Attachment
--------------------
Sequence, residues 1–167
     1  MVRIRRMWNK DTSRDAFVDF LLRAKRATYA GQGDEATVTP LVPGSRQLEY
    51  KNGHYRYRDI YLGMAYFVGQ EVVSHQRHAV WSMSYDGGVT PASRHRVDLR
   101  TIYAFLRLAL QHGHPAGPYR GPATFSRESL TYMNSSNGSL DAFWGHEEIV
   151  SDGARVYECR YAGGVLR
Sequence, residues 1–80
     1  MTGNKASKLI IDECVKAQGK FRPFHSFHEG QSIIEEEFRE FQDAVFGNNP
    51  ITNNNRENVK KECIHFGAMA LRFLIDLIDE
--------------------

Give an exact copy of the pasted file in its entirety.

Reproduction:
Sequence, residues 1–167
     1  MVRIRRMWNK DTSRDAFVDF LLRAKRATYA GQGDEATVTP LVPGSRQLEY
    51  KNGHYRYRDI YLGMAYFVGQ EVVSHQRHAV WSMSYDGGVT PASRHRVDLR
   101  TIYAFLRLAL QHGHPAGPYR GPATFSRESL TYMNSSNGSL DAFWGHEEIV
   151  SDGARVYECR YAGGVLR
Sequence, residues 1–80
     1  MTGNKASKLI IDECVKAQGK FRPFHSFHEG QSIIEEEFRE FQDAVFGNNP
    51  ITNNNRENVK KECIHFGAMA LRFLIDLIDE